Classic Car Appraisal Services in Haverhill MA
If you are like us, you love your car. You have probably spent countless hours and dollars making it everything you have always dreamed of. We, like you, enjoy being around car people, and more importantly cars themselves.
Although car people love to spend time and money on their cars, they all too often forget to properly value their car for insurance purposes. Dollar after dollar goes in, but never gets properly documented so that if a catastrophic event strikes, the real cost of putting the car back together gets paid by the insurance company. As collector car owners ourselves, we understand the importance of our product first hand. Fill out the form on the right to get started on your on-site Haverhill car appraisal.
Facts about Haverhill
Haverhill is a city in Essex County, Massachusetts, United States. The population was 60,879 at the 2010 census.
Located on the Merrimack River, it began as a farming community of Puritans, largely from Newbury Plantation. The land was officially purchased from the Pentuckets on November 15, 1642 (a year after incorporation) for three pounds, ten shillings. Pentucket was renamed Haverhill (after the Ward family's hometown in England) and would evolve into an important industrial center, beginning with sawmills and gristmills run by water power. In the 18th and 19th century, Haverhill developed woolen mills, tanneries, shipping and shipbuilding. The town was for many decades home to a significant shoe-making industry. By the end of 1913, one tenth of the shoes produced in the United States were made in Haverhill, and because of this the town was known for a time as the "Queen Slipper City". The city was also known for the manufacture of hats.
History - 21st century
In the 21st century, downtown Haverhill has undergone a renaissance of sorts. Housing trends, combined with a rezoning by the city led by longtime Mayor James Fiorentini and the use of Federal and State brownfield's money to clean up abandoned factories, resulted in the conversion of several abandoned factories into loft apartments and condominiums. There has been a total of $150 million in public and private investment in the downtown old factory district area. Additionally, the Washington Street area gained new dining and entertainment spots, and federal, State and local funds contributed to removing an abandoned gas station on Granite Street, cleaning up the site and converting it to a 350-space parking garage. The city was able to obtain Federal, State and local money to put in a new boardwalk and boat docks downtown. Recently, the city completed a rezoning of downtown proposed by Mayor Fiorentini designed to encourage artist loft live work space and educational uses for the downtown area. Despite the city's efforts, old buildings remain vacant or underutilized, such as the former Woolworth department store – boarded up for 40+ years at the intersection of Main Street and Merrimack Street. Recently a group purchased that building with the intention of redeveloping it, however those plans fell through. In February 2014, it was announced that plans were made to redevelop "Whites Corner" by demolishing the vacant Woolworth building along with other surrounding buildings including the former Newman's Furniture, Ocasio Building, replacing them with the new mixed-use project called Harbor Place. Those buildings along with other smaller ones were officially demolished as of March 19, 2015 making way for the construction of the Harbor Place project. As of July 23, 2016 the construction on the Harbor Place buildings are well underway as the mixed use building is near completion and the housing building is making progress. In September 2016, the Haverhill Riverfront Boardwalk overlooking the Merrimack River has opened to the public that extends from the Harbor Place buildings connecting to the other boardwalk behind Haverhill Bank.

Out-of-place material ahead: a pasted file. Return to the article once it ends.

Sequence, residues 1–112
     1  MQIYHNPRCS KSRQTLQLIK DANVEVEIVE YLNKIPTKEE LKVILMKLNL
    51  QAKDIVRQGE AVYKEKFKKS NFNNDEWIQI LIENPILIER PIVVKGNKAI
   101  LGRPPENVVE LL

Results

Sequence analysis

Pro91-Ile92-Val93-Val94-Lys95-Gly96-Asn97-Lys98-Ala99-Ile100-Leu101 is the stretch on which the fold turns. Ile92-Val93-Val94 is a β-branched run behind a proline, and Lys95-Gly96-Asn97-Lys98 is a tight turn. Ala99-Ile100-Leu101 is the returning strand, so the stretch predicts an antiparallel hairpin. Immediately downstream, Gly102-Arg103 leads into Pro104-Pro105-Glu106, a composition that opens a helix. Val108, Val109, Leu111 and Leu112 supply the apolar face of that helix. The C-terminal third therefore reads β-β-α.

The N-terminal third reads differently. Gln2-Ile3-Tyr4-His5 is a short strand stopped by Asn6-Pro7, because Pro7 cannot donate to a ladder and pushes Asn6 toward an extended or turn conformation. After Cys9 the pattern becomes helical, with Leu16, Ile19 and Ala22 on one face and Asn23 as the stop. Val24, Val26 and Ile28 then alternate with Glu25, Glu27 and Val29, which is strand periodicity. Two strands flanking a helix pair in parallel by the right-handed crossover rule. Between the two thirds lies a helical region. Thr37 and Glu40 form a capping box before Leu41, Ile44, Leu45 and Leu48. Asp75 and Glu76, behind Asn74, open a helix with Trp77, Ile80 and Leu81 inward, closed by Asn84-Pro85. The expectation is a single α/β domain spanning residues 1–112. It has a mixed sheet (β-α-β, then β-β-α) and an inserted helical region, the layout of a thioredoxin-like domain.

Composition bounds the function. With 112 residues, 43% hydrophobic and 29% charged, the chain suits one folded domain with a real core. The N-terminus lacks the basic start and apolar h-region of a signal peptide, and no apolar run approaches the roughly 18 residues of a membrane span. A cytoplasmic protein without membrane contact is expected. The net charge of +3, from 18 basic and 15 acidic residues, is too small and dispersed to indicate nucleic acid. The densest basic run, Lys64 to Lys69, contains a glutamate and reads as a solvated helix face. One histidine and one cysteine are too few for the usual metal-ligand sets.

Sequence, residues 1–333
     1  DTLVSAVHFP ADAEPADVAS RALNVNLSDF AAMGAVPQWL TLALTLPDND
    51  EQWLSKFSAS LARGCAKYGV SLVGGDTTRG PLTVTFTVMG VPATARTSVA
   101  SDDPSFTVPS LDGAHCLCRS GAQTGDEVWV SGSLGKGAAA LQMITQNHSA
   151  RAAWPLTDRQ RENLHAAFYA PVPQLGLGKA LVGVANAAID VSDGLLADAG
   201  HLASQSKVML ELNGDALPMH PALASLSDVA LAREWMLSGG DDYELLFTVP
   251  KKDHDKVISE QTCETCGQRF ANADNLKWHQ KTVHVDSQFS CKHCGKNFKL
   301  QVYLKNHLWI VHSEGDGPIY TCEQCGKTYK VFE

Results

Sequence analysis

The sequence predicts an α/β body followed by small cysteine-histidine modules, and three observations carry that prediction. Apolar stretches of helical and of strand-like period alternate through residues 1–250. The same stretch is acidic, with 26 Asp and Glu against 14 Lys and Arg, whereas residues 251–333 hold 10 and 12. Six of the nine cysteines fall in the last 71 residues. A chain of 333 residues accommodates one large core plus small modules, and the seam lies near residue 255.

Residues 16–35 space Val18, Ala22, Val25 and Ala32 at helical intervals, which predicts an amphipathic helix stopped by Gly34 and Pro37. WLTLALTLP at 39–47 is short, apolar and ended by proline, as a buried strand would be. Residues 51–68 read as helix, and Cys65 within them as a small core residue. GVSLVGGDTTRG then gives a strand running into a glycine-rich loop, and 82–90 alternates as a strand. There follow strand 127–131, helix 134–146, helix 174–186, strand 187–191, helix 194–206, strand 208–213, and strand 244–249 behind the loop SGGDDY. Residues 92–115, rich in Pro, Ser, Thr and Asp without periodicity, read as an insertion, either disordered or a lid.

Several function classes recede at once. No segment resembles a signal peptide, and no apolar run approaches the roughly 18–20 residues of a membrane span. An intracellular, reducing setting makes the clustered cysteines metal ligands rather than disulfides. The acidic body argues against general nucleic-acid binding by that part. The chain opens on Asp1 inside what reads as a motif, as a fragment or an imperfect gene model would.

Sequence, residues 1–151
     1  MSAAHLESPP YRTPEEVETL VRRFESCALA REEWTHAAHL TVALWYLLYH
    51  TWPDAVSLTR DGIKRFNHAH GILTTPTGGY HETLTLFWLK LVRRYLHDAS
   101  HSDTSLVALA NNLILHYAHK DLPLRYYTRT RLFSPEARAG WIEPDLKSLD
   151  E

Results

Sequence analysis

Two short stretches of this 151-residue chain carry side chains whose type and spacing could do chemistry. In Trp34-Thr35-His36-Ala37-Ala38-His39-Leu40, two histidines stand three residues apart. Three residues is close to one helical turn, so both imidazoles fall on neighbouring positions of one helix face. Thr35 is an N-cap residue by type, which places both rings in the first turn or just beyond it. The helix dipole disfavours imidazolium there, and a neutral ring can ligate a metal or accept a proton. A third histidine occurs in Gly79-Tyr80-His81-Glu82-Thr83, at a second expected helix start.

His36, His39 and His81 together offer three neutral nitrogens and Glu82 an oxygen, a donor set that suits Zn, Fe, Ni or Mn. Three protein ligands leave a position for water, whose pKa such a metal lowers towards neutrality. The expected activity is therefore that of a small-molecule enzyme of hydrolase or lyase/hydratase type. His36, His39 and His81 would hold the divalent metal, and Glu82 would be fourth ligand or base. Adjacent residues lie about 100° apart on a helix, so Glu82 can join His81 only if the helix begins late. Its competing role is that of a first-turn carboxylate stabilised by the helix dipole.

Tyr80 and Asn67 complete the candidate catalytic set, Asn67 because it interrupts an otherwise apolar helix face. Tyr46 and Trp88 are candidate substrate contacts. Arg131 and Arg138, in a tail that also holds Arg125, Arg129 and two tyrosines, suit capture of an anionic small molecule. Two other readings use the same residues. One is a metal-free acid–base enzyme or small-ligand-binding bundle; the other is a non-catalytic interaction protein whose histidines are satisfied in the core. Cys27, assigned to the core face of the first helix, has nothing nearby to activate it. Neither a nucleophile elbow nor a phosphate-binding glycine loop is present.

There were 22,976 households out of which 33.0% had children under the age of 18 living with them, 47.0% were married couples living together, 13.4% had a female householder with no husband present, and 35.3% were non-families. 28.6% of all households were made up of individuals and 10.3% had someone living alone who was 65 years of age or older. The average household size was 2.51 and the average family size was 3.11.